·         Royalties or lease fees to tribes/communities based upon forecast profits of infrastructure purpose
·         Storage implementation and associated fees for artifacts and the movement of features
·         Public outreach to include education and training on projects for local communities and interested developers
·         Each project is required to offset it’s carbon cost through the purchase of carbon credits or other approved (by Stakeholder Board) means
·         Daily fines to be determined by Stakeholder Board for development that breaks laws and regulations imposed by federal, state and/or local agencies overseeing project

Section 8: CRM Cultural Bill of Rights
The ideal system we imagine stresses the importance of positive relationships between the CRM industry and tribal and/or local communities. Regulations for survey and oversight should involve local and state jurisdictions and be enforceable on all levels. Coordination would be required between federal, state and local agencies for public outreach and communication, as well as internal industry news and policy.
A CRM Cultural Bill of Rights will be created to protect heritage, traditions and lifestyles of all people who are impacted by research and development, to include but not limited to:
·         People have a right to their own past and present cultures, including access.
·         People have the right to maintain artifact storage and display in their own heritage communities.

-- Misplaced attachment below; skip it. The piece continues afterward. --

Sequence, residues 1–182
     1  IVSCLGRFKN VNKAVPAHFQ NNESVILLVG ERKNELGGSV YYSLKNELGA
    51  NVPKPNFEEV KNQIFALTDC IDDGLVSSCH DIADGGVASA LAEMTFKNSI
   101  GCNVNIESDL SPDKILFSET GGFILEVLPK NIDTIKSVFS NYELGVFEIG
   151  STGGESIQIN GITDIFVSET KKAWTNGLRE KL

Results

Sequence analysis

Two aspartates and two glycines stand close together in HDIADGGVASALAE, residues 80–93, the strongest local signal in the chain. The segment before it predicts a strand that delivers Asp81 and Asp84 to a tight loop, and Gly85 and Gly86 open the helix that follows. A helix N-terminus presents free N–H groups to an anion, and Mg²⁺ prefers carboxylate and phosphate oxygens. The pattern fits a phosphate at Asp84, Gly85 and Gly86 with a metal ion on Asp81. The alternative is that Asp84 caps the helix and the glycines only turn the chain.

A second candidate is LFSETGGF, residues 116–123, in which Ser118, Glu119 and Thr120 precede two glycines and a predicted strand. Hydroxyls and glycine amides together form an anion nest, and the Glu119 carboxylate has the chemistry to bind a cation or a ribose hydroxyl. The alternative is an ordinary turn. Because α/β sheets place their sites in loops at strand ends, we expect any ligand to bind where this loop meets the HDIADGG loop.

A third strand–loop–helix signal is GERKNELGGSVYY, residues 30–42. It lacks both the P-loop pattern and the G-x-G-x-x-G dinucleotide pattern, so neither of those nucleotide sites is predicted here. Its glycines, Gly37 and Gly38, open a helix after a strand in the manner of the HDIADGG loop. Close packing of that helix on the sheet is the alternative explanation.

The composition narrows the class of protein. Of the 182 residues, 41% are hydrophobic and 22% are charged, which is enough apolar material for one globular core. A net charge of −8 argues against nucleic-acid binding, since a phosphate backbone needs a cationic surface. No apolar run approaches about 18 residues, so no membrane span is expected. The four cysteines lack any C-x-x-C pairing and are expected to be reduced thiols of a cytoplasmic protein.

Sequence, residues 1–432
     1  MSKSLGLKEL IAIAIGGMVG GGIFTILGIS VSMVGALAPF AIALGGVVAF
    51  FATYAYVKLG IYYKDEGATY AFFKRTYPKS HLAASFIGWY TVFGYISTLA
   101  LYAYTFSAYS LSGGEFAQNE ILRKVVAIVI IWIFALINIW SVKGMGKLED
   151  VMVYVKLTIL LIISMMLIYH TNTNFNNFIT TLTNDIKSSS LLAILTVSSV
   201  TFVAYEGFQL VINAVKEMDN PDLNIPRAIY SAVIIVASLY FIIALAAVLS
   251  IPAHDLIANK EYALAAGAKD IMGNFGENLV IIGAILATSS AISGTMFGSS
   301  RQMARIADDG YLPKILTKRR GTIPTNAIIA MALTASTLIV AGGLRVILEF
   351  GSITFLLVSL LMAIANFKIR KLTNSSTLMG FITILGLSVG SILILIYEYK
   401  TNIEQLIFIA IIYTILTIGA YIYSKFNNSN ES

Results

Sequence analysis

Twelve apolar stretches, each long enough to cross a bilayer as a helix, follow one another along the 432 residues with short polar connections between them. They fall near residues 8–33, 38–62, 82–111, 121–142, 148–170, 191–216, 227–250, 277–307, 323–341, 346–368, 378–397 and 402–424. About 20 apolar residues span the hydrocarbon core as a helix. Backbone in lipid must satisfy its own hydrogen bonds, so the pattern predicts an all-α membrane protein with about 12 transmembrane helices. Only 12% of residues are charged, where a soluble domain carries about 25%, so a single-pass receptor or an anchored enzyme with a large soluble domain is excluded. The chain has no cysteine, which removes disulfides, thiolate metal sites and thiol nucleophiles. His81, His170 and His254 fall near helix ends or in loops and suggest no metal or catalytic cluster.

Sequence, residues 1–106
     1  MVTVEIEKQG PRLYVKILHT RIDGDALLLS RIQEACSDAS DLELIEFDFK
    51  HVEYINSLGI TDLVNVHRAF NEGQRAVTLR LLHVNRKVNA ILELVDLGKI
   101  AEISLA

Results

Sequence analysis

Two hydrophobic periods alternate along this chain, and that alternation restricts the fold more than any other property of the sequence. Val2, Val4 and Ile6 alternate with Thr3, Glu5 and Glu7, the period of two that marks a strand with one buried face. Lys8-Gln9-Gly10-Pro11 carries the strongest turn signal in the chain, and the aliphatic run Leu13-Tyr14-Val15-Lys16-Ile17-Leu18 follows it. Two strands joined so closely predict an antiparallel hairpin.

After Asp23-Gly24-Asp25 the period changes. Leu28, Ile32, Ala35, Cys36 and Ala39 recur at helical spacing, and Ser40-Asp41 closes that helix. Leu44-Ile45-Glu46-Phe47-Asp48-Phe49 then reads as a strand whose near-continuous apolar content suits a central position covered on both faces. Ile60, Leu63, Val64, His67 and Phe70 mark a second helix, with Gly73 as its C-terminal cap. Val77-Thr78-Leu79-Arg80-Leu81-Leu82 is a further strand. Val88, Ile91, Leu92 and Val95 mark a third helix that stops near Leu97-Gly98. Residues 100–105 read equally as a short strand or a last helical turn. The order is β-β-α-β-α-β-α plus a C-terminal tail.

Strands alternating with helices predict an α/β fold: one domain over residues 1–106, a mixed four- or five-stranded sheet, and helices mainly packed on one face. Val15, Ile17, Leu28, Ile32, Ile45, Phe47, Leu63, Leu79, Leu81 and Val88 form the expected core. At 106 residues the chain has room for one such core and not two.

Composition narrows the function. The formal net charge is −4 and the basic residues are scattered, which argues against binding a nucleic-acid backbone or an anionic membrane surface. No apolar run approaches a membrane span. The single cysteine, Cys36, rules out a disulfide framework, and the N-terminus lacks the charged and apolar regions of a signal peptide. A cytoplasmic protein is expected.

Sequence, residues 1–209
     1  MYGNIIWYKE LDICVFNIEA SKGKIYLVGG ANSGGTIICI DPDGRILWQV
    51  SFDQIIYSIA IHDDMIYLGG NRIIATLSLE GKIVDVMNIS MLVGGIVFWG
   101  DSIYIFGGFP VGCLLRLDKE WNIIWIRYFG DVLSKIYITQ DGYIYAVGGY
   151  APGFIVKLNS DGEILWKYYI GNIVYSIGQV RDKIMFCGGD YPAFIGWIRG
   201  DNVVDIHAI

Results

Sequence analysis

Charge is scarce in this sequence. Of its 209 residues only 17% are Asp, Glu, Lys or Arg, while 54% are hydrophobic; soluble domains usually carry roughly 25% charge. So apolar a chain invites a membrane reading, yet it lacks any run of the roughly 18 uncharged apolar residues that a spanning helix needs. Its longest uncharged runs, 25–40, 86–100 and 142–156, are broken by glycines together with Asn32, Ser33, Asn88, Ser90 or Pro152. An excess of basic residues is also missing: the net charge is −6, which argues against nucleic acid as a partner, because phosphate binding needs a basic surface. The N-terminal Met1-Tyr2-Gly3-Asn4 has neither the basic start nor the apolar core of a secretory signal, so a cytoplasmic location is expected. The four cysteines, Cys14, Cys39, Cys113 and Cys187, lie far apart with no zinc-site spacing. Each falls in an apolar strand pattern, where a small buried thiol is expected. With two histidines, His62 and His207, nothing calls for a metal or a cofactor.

·         People have a right to continue their traditions and have access to sacred sites.
·         People have the right to practice and celebrate their cultures, as long as traditions harm none.
·         People have the right to live healthfully, peacefully and peaceably.
·         People have the right to be involved in the research and information sharing of their own cultural heritage.
·         People have the right to express their concerns with development that involves their own history, their traditional lands and their quality of life.  

Section 9: Conclusion/Moving Forward
In order to move forward in a politically unstable and climate-changing world, CRM has to adapt quickly to emerge as a leader in social and environmental justice. Many of the CRM systems currently in place are open to misinterpretation and contain loopholes that leave our national heritage at risk and put life forms and habitats in jeopardy. While considering the most effective and sustainable methods to perform our work, cultural resource professionals also have an obligation to protect communities and natural resources that might be affected by future development.